We began with the Neandertals and spent the morning foraging (in our vegetable garden) with no language. There's an awesome Dig magazine issue about this: The Truth about Cavemen, which is what made me decide to do Primitive People instead of jumping straight into Egypt. I think it is the September 2007 issue -- you can look it up online. Scientists are divided about how much language these primitive people have but we decided to do without completely. It was amazing how much the children loved it! Natalie is constantly asking me if we can go out on the playground without talking again. We tore apart summer squash with our hands and ate huge chunks of it raw -- surprisingly delicious. Before going outside we set up the classroom aquarium/terrarium (it is made up of two joined together) with tadpoles and I made the analogy between the metamorphosis of frogs and the advances of humankind. As we went through the classroom door to the outside we entered the Stone Age and it was freaky. I was almost hesitant to go through the door, so seriously were we taking it. Back inside we set up our timeline of the past 1.8 million years. One inch for every 10,000 years. Language came about in the time of the Upper Paleolithic Creative Explosion -- suddenly humans had art, language, music, clothing, homes, even religion. It was amazing how quickly after the advent of language we ended up with agriculture, and more technological advances following one after the other, compared to the Dark Ages beforehand.
The children all informed me that they were hungry. Our foraging wasn't an adequate snack. And so we discussed how eating small meals of whatever you could find meant you had to eat more frequently. In fact, you spent the entire day just trying to survive -- to eat and to keep from being eaten. Next we divided the children up into two teams (they named themselves the Fantastic Six Explorers and the Go Blue Explorers, one team of 5 and one of 6) and they each hid three common household items to be artifacts in an archaeological dig for the other team to find. It was a fantastic morning.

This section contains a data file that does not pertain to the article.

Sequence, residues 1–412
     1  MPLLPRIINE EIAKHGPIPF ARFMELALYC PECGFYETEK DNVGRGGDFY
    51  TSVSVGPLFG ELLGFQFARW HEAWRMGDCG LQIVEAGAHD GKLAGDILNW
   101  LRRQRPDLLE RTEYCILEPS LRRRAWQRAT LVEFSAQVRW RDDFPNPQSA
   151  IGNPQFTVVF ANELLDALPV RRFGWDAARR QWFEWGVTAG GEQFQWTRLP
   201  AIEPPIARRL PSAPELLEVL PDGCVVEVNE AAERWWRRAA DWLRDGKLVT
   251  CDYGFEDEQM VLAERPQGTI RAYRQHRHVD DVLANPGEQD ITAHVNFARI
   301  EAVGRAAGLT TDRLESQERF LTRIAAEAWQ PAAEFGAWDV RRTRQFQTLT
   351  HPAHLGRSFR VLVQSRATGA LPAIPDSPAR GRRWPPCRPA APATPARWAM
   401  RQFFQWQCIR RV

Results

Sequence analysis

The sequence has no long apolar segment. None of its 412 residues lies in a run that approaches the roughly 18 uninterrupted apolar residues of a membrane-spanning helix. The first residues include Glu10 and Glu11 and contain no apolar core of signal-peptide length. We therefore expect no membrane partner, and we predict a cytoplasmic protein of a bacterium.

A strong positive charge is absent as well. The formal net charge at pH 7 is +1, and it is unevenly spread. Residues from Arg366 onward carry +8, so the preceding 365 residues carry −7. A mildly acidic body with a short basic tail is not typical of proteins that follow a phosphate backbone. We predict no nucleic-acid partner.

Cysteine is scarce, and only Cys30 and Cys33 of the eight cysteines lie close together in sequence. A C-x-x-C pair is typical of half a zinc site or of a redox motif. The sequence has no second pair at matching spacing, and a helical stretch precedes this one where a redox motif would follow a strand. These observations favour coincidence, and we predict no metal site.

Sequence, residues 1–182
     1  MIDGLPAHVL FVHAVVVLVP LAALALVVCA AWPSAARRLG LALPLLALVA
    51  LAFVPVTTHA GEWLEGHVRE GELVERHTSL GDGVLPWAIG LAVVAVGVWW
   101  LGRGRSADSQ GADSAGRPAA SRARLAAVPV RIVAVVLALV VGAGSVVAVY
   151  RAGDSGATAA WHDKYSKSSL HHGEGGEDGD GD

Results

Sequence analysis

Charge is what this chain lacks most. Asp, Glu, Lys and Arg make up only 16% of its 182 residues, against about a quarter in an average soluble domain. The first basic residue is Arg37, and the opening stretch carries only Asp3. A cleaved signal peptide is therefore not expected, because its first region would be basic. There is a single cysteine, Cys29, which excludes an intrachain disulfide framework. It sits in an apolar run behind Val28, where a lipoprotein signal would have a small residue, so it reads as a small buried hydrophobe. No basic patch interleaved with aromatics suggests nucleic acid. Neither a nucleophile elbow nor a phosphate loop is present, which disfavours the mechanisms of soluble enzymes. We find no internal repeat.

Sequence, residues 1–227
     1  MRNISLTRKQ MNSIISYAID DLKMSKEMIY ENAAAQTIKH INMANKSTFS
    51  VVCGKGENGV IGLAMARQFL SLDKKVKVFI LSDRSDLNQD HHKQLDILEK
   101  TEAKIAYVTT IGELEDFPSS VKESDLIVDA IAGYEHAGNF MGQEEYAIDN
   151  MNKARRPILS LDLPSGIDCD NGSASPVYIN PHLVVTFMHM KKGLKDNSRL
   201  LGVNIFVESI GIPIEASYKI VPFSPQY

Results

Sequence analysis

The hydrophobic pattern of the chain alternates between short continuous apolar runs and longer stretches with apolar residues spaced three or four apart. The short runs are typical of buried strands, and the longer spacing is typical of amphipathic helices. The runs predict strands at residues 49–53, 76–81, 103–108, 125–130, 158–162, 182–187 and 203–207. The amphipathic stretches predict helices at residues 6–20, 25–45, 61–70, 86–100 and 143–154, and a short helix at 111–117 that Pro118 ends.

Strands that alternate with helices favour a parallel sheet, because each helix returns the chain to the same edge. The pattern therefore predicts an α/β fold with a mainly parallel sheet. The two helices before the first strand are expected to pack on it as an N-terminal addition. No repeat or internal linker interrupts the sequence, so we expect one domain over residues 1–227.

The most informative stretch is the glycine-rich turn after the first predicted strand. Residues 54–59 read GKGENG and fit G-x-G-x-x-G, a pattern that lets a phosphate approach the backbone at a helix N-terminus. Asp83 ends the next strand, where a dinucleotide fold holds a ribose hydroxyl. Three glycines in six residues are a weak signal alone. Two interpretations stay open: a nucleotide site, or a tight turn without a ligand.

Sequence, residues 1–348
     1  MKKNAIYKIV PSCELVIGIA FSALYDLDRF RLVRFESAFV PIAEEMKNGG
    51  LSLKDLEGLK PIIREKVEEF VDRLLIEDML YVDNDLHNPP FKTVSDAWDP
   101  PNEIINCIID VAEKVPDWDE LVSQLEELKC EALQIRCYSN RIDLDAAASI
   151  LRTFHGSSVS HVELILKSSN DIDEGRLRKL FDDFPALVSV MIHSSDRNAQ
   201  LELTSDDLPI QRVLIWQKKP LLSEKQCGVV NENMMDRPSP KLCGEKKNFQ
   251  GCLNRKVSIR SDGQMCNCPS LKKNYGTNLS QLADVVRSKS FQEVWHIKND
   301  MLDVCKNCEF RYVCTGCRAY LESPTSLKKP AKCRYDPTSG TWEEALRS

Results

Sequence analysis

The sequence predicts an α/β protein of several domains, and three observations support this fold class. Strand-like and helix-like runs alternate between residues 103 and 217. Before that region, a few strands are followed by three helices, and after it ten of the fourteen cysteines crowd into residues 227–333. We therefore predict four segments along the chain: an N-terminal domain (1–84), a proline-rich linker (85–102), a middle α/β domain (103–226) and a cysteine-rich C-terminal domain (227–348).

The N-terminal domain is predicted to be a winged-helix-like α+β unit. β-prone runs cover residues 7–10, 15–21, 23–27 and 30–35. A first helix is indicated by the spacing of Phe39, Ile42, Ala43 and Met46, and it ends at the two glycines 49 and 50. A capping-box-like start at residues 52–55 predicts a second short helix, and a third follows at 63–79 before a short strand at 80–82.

In the afternoon we dug up the artifacts, imagined what they might tell us about those mysterious (invented) cultures, and then ventured into Ancient Egypt. Egypt is a good one for explaining how we learn about the past a little at a time; namely, the discovery and subsequent translation of the Rosetta Stone. And Egypt was a wonderfully rich and fascinating culture. The annual flooding of the Nile, providing the people with enriched soil in which things grew easily; that and the naturally warm weather made it conducive to settling, which happened as long ago as 5500 BC. We talked about the Ancient Egyptian civilization a bit and ended the day with covering a tray of sliced cucumbers with salt as a mummification experiment. The salt is supposed to draw out all the water -- at least, this is what it does to dead bodies...
"A Day in Ancient Egypt"
The tray of cucumbers was full of standing water! (As I knew would happen, having done this experiment at home.) I was absent this day but the children went ahead with the planned activities. One was to do a watercolor resist map of Ancient Egypt (this map is from the front of one of my volumes of Myths and Legends, the same series as the Norse Myths book I recommended before -- I will find the link) with the Nile and its "fingers", the Red Sea, and the Mediterranean Sea in blue beeswax crayon. Then, the children mixed up desert colors in watercolors and painted the remainder of the page desert. We have referred to this map for several days and it's been most handy. They also used two stamp sets of hieroglyphs to learn to stamp their names and so on (and we sent a sheet home detailing the alphabet) and then went outside to one of the blank walls of the school and wrote all over that with charcoal and clay. In hieroglyphic writing, of course. I was so impressed when I drove in and saw it. It was wonderful! Had it been raining I was prepared with large rolls of butcher paper and colored chalks, which are also supposed to make a wonderful mural.